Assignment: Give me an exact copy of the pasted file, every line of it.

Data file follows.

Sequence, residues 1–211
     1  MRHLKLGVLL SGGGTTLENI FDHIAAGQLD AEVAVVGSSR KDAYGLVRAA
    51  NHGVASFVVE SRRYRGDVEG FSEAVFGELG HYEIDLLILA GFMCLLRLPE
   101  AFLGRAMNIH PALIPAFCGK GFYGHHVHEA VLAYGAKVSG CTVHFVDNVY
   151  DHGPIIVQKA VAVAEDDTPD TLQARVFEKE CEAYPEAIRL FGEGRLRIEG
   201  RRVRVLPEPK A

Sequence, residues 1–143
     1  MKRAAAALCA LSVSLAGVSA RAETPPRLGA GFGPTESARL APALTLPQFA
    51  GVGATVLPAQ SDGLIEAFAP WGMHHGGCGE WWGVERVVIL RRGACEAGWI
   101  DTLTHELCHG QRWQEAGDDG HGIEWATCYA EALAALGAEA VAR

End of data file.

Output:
Sequence, residues 1–211
     1  MRHLKLGVLL SGGGTTLENI FDHIAAGQLD AEVAVVGSSR KDAYGLVRAA
    51  NHGVASFVVE SRRYRGDVEG FSEAVFGELG HYEIDLLILA GFMCLLRLPE
   101  AFLGRAMNIH PALIPAFCGK GFYGHHVHEA VLAYGAKVSG CTVHFVDNVY
   151  DHGPIIVQKA VAVAEDDTPD TLQARVFEKE CEAYPEAIRL FGEGRLRIEG
   201  RRVRVLPEPK A

Sequence, residues 1–143
     1  MKRAAAALCA LSVSLAGVSA RAETPPRLGA GFGPTESARL APALTLPQFA
    51  GVGATVLPAQ SDGLIEAFAP WGMHHGGCGE WWGVERVVIL RRGACEAGWI
   101  DTLTHELCHG QRWQEAGDDG HGIEWATCYA EALAALGAEA VAR